People have tried to replicate Satya : Saurabh Shukla on gangster films
Saurabh Shukla talks about gangster films in India and says there is a need for more original work.bollywood Updated: Jan 21, 2017 18:36 IST
Be it his impeccable comic timing as a lawyer in Jolly LLB (2013) or his slapstick form as a police officer in Barfi! (2012), Saurabh Shukla with every act, has proven his craft. The National award-winning actor, who has a theatre background, will be seen on stage in his upcoming play, Barff. In a telephonic interaction with HT Café, Shukla revisits his popular film, Satya (1998), and talks about how he has played important roles in films despite being the ‘hero.’ Excerpts from the interview.
Like you, many actors switch from theatre to television and films. Do you think the vice-versa is beginning to happen?
Yes. Commercially in India, theatre has not made its way where it can support a livelihood. So, people from theatre, end up coming into television or films. It is easier for people to go back from Bollywood to theatre and that will continue.
Watch: A scene from Jolly LLB featuring Saurabh Shukla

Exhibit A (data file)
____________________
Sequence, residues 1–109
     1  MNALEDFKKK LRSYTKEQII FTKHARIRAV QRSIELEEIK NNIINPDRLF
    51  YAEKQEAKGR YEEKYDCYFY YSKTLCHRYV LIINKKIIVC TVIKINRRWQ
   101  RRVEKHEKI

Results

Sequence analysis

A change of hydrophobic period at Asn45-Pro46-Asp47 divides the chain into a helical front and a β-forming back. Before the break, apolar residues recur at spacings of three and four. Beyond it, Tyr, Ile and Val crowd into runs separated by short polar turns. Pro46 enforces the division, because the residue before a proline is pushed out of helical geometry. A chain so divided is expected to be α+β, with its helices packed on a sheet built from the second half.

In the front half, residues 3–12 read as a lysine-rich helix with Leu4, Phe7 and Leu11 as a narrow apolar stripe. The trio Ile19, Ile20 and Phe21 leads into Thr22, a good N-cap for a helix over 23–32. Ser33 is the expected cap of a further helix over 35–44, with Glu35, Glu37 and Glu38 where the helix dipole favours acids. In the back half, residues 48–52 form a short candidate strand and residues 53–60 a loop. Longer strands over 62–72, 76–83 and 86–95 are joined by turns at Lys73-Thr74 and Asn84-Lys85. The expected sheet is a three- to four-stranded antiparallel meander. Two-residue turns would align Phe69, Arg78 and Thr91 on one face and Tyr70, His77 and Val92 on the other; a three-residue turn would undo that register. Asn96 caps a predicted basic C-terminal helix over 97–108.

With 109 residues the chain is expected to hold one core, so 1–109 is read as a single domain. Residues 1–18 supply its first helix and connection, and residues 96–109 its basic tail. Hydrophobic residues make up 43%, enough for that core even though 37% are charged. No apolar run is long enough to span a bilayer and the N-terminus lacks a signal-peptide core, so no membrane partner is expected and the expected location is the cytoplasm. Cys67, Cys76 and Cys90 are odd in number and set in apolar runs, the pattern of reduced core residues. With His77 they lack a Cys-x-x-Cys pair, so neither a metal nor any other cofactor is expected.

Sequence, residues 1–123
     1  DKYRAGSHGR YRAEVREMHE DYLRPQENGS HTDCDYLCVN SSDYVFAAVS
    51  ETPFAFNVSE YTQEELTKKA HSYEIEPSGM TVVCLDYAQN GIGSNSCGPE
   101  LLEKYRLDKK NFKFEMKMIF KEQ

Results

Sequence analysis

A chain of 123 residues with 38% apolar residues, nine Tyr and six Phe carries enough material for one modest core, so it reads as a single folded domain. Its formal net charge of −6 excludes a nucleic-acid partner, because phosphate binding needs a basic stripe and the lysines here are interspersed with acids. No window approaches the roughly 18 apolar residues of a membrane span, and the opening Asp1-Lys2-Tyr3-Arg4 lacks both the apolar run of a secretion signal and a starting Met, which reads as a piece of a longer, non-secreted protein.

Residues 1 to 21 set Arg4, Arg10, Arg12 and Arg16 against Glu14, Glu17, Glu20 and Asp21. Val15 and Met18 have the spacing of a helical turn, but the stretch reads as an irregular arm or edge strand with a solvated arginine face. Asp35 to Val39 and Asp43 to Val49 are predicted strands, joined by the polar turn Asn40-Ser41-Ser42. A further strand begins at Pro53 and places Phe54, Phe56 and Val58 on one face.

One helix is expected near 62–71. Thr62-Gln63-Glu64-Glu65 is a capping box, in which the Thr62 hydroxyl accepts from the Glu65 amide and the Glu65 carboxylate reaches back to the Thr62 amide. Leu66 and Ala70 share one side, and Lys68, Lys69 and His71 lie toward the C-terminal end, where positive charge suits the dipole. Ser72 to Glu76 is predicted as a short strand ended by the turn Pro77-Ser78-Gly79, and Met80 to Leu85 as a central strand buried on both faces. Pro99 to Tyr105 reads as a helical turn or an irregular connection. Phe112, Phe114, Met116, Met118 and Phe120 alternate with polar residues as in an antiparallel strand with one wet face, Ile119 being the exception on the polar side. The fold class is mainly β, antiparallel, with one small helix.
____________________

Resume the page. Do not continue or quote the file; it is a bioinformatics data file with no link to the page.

Your roles in Jolly LLB and Barfi! were as discussed as those of the lead actors. Does it bother you that an actor of your calibre isn’t given lead roles?
In India, we don’t talk about every character’s story in films. However, actors like me, do get their parts. In Barfi! and Jolly LLB, I got a big part. I don’t want to be under an illusion where I start believing that in every other film, I’ll be the hero. I’m not a ‘hero’.
Your gangster film Satya achieved cult status. Do you think Bollywood has been able to helm good gangster films since then?
A good film stays in the memory of people and Satya is one of those films. People who tried to replicate Satya have not made it because we are copying rather than creating original work. If people try to match up to Satya, the point is lost.
Tell us about your upcoming play…
It is a thriller. We’ve seen plays on social topics or comedy. But in India, we don’t have a history of thrillers. What’s exciting is that it’s set in Kashmir.